We published our report on the management of the 0.7% ODA spending target in 2020 in May 2021 and made two recommendations. More details about next steps can be found in the ‘Further scrutiny‘ tab.
In 2020, the COVID-19 pandemic led to a major realignment of the UK aid programme. Between March and December 2020, the UK government spent £1.39 billion of UK ODA to support the global response to the COVID-19 pandemic. At the same time, in April 2020, the impact of COVID-19 on the UK economy resulted in a sharp fall in projected gross national income (GNI).
This prompted the government, which was committed to achieving but not exceeding the official development assistance (ODA) spending target of 0.7% of GNI, to plan a £2.94 billion (19%) in-year reduction in aid spending for 2020 – resulting in major implications for both multilateral spend and ongoing bilateral projects, including the cancellation, postponement and reprioritisation of planned programmes.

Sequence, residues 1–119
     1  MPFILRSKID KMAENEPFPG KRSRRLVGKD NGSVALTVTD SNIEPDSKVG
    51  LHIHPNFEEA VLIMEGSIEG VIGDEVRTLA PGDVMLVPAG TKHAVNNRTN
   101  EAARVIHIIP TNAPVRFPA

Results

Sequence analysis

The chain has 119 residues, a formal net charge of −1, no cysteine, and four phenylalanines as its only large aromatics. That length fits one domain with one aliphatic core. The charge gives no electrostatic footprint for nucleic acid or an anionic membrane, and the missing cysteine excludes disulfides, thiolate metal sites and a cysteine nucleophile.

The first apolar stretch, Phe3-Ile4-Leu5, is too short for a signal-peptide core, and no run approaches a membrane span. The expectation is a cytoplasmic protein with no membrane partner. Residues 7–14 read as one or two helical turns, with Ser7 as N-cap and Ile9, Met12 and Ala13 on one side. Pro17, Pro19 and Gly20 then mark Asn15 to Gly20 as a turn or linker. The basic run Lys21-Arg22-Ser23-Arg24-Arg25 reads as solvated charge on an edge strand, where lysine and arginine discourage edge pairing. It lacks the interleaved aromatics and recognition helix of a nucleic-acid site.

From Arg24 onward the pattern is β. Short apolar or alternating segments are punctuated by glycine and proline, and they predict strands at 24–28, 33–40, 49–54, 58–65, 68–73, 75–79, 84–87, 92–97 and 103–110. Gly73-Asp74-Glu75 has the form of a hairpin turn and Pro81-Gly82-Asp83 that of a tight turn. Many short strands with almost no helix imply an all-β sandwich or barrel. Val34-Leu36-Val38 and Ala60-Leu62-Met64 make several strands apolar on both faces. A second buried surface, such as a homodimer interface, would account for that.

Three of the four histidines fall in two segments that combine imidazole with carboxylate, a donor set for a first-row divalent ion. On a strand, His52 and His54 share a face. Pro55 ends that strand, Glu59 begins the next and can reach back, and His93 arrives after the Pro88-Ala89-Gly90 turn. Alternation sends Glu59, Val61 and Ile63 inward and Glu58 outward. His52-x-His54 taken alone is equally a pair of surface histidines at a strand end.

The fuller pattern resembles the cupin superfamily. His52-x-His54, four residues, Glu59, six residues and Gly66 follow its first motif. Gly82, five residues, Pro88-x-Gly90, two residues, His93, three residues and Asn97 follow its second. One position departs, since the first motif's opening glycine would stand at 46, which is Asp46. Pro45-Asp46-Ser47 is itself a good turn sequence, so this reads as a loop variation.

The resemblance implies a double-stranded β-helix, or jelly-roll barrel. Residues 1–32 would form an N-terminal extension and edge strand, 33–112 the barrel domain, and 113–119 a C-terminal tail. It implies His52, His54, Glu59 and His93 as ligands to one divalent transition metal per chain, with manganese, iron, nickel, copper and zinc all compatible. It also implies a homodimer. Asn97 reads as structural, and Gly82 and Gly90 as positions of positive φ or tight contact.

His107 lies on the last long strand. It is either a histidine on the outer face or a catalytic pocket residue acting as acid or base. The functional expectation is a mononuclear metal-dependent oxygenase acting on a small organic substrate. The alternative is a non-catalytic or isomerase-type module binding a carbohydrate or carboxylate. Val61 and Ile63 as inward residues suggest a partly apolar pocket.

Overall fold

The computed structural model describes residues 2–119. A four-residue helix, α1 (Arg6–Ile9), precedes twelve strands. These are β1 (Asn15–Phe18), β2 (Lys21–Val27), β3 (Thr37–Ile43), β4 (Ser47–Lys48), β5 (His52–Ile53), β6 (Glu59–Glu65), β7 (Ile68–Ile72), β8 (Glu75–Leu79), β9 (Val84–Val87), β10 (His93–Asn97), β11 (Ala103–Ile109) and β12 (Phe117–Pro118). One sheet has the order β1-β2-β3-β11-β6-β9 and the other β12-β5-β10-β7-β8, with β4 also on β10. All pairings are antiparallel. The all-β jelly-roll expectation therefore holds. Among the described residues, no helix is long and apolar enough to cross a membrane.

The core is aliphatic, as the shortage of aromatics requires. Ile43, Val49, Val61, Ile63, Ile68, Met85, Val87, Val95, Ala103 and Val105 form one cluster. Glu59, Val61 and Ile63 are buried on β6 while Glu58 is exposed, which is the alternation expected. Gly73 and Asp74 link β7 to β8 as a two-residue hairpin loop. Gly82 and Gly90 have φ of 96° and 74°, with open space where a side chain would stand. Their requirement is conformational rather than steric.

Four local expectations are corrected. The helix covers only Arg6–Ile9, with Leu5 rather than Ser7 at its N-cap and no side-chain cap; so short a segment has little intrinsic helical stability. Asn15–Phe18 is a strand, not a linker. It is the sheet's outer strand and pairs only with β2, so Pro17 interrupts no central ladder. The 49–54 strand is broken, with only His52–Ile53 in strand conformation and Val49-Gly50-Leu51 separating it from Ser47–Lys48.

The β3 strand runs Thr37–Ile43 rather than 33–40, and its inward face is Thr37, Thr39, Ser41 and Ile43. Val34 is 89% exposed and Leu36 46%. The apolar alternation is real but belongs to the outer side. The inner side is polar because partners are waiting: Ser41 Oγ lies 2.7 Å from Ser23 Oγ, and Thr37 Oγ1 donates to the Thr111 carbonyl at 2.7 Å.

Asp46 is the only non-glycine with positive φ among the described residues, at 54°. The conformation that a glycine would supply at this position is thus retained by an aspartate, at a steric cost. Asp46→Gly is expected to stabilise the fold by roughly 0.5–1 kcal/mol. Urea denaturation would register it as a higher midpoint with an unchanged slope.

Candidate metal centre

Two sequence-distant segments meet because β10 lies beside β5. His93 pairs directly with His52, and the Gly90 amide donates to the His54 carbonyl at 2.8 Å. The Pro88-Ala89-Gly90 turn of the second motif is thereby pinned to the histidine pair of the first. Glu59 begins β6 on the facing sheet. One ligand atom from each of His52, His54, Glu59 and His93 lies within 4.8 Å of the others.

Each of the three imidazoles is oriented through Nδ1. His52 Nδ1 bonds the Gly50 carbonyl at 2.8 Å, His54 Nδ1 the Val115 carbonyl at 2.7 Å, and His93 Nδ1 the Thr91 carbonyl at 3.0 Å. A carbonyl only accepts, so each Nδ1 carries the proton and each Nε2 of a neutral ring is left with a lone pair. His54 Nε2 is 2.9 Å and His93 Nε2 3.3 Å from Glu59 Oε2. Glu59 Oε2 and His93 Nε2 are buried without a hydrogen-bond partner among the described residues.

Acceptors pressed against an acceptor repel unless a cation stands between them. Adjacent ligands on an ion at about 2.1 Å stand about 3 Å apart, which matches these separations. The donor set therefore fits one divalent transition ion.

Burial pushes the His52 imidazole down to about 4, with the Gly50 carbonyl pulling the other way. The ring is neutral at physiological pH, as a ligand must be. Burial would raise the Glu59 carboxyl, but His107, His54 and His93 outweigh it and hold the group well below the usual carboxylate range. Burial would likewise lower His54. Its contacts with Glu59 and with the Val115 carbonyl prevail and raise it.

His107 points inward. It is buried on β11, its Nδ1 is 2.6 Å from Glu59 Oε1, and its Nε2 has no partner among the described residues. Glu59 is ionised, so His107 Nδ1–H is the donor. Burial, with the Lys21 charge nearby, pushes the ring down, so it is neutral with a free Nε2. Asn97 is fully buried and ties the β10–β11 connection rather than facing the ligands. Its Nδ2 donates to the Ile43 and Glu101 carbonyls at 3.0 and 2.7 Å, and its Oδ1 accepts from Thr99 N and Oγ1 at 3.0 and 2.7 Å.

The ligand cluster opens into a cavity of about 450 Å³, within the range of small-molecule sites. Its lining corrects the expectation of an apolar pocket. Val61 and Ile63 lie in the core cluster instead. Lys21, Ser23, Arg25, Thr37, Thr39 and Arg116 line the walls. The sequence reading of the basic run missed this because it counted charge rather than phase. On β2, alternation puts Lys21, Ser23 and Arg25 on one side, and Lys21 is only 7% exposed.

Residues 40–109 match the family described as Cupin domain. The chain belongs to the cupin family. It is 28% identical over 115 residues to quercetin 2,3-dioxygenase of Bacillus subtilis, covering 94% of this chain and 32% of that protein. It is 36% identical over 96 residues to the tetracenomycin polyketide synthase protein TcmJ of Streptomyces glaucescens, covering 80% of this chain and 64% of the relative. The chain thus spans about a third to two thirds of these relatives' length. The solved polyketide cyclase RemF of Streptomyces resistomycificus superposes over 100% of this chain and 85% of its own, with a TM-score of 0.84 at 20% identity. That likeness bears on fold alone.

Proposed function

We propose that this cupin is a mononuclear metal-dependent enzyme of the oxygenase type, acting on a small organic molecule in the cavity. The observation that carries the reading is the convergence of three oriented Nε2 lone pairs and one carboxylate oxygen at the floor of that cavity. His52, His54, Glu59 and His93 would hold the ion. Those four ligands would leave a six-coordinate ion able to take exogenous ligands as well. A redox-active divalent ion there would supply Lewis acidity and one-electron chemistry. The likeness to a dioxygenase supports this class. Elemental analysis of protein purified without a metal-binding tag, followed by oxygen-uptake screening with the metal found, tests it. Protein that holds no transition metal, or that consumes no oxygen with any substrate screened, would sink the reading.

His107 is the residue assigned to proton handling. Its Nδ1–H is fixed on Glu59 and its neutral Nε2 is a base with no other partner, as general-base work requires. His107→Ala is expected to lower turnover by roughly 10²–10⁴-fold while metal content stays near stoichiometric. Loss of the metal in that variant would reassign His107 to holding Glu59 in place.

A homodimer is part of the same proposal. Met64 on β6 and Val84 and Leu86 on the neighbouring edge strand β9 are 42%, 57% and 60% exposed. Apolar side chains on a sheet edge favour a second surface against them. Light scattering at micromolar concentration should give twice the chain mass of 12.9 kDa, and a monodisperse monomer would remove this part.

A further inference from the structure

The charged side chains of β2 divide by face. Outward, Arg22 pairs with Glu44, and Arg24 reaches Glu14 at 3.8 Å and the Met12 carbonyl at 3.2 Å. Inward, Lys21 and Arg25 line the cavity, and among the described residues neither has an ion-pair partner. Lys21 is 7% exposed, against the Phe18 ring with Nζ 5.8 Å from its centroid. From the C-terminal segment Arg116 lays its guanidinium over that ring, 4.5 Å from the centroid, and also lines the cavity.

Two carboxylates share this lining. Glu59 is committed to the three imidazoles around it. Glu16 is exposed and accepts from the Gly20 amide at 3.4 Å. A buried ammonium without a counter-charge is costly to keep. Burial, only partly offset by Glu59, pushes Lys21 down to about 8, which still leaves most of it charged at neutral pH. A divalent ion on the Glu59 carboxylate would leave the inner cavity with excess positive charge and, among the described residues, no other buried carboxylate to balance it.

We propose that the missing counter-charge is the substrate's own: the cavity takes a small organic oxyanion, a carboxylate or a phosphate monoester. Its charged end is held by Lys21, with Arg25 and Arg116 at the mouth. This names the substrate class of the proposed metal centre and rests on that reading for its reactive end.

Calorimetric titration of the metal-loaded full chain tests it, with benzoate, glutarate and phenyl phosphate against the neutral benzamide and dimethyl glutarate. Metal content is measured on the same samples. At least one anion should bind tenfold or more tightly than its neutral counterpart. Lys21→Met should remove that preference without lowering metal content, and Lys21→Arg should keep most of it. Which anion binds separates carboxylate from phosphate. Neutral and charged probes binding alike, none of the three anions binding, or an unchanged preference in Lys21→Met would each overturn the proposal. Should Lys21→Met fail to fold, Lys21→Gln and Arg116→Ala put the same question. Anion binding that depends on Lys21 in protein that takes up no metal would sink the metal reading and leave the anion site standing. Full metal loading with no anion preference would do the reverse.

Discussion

Further changes to the UK’s aid budget are expected as a result of the temporary reduction of the UK’s ODA spending target from 0.7% to 0.5% of GNI in 2021.
This review captures lessons from the management of the ODA spending target in the context of a declining GNI in 2020, for use in 2021, but does not comment on events in 2021, and does not cover the 0.5% target decision itself. It builds on our earlier rapid review of the management of the 0.7% ODA spending target (which covered the period 2013-19), which was published last year. As a rapid review, it is not scored.